Saturday, February 21, 2009

What Is a "Reverse Split Sentence"?

Last week, while giving a group of judges a class on sentencing law, it came to my attention that few of the judges present had ever heard of "reverse split sentencing," which is one of the statutory sentencing options available to Florida judges. Upon further inquiry, I discovered that few prosecutors or defense attorneys had heard of it either. This is unfortunate, because this sentencing option can be very appropriate -- especially in a case where the defendant has little criminal history, restitution owed the victim or victims is substantial, and the court needs a real hammer to get the defendant to comply with the terms of supervision.

A “reverse split sentence” is one whereby the defendant is sentenced to a term of probation which may be followed by a period of incarceration or, with respect to a felony, into community control, as follows:

- If the defendant meets the terms and conditions of probation or community control, any term of incarceration may be modified by court order to eliminate the term of incarceration.[1] A defendant upon whom a reverse split sentence is imposed may petition the sentencing court at any time prior to the start of the incarcerative portion of the sentence with a request to eliminate or reduce that portion of the sentence, but the court is under no obligation to grant such a request.

- If the defendant does not meet the terms and conditions of probation or community control, the court may revoke, modify, or continue the probation or community control as provided in section 948.06. If the probation or community control is revoked, the court may impose any sentence that it could have imposed at the time the defendant was placed on probation or community control. The court may not provide credit for time served for any portion of a probation or community control term toward a subsequent term of probation or community control. However, the court may not impose a subsequent term of probation or community control which, when combined with any amount of time served on preceding terms of probation or community control for offenses pending before the court for sentencing, would exceed the maximum penalty allowable as provided in section 775.082. Such term of incarceration must be served under applicable law or county ordinance governing service of sentences in state or county jurisdiction. This does not prohibit the court from imposing any other sanction provided by law.[2]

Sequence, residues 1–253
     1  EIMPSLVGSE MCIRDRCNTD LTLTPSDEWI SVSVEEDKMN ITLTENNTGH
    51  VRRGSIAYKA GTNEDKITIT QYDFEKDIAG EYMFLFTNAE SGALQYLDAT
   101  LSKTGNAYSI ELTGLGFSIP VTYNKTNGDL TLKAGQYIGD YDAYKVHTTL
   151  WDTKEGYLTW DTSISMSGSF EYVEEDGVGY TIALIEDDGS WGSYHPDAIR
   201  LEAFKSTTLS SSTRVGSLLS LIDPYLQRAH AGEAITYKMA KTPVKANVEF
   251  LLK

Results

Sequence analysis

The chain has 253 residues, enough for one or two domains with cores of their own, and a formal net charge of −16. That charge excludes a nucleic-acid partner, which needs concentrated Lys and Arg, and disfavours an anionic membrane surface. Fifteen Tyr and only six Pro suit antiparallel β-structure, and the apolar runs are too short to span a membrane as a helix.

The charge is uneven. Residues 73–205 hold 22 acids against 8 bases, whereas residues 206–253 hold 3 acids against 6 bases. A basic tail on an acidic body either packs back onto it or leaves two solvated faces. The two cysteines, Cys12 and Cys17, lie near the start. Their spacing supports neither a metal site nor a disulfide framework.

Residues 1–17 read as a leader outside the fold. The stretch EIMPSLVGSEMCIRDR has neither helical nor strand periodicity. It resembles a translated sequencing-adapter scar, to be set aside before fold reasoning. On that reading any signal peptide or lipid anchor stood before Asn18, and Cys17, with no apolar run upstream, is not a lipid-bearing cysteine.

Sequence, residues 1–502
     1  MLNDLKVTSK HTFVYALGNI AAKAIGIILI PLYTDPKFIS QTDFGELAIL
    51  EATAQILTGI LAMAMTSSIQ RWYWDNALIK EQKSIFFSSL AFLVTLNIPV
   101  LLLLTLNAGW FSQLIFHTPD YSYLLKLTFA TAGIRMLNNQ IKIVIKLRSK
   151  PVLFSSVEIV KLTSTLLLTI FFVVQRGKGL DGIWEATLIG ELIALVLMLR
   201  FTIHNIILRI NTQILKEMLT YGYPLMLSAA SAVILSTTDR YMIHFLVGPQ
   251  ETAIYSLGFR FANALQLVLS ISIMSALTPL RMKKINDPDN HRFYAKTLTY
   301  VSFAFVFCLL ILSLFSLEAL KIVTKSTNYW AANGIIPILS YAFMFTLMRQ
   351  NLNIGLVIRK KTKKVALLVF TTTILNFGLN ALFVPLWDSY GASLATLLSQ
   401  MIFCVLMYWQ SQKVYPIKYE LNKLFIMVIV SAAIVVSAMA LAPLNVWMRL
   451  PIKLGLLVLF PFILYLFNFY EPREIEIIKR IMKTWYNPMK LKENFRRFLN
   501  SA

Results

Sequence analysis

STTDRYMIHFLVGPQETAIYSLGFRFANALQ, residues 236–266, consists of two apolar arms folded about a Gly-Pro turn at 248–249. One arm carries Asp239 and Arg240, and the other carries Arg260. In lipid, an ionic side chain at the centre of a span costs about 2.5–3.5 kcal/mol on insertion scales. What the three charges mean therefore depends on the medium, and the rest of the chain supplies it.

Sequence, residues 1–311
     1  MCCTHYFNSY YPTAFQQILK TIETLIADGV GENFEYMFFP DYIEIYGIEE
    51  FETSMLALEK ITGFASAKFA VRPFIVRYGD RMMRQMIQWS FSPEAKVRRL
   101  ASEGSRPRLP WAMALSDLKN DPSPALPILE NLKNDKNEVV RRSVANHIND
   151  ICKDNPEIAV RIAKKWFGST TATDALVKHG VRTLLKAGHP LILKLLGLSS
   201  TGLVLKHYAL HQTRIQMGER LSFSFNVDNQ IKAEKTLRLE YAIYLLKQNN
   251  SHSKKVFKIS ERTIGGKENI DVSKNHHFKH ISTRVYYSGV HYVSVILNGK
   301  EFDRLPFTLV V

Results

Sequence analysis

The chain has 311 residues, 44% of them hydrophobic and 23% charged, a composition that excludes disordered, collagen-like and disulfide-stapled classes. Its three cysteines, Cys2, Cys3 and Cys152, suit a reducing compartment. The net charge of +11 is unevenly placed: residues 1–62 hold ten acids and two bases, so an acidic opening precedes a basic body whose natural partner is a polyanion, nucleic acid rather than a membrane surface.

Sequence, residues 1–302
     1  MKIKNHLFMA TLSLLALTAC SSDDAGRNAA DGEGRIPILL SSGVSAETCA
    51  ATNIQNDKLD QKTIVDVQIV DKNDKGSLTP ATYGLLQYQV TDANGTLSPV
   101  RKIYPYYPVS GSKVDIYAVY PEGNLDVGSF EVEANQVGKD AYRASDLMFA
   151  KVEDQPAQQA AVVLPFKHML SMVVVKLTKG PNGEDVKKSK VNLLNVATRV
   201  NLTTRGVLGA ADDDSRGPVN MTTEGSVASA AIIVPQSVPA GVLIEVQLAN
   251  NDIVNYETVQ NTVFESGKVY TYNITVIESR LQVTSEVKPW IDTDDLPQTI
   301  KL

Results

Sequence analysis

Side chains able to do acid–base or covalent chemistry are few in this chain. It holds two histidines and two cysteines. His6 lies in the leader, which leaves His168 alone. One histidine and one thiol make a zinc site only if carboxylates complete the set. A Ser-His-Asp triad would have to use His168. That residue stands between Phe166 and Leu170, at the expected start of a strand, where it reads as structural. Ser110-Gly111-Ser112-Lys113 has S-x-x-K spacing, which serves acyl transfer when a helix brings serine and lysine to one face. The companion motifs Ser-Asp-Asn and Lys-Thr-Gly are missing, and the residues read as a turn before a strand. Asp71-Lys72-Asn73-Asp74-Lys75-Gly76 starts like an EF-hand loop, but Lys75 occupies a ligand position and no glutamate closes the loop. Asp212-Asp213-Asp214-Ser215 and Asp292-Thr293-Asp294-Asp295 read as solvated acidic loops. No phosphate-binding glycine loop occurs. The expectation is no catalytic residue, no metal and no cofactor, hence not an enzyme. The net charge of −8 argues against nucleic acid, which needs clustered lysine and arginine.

The obvious expectation of the legislature in enacting provision for a reverse split sentence is that the court will eliminate the term of incarceration if the defendant complies with the terms of probation.[3]

A reverse split sentence cannot be used to thwart the applicable sentencing guidelines or Criminal Punishment Code (CPC). Where the presumptive minimum sentence calls for imprisonment, the possibility of no incarceration is enough to constitute a downward departure, which requires contemporaneous written reasons under the guidelines or CPC.[4] Note that a reverse split sentence is not imposed when the incarcerative portion of a sentence is suspended and the elimination of the incarcerative portion is conditioned upon successful completion of the supervisory portion of the sentence: Such a sentence would properly be termed a conditional suspended sentence.
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[1] Sec. 948.012(2)(a), F.S.

[2] Sec. 948.012(2)(b), F.S.

[3] State v. Powell, 703 So. 2d 444 (Fla. 1997).

[4] Disbrow v. State, 642 So. 2d 740 (Fla. 1994).

[5] See, Bell v. State, 651 So. 2d 237 (Fla. Dist. Ct. App. 5th Dist. 1995).

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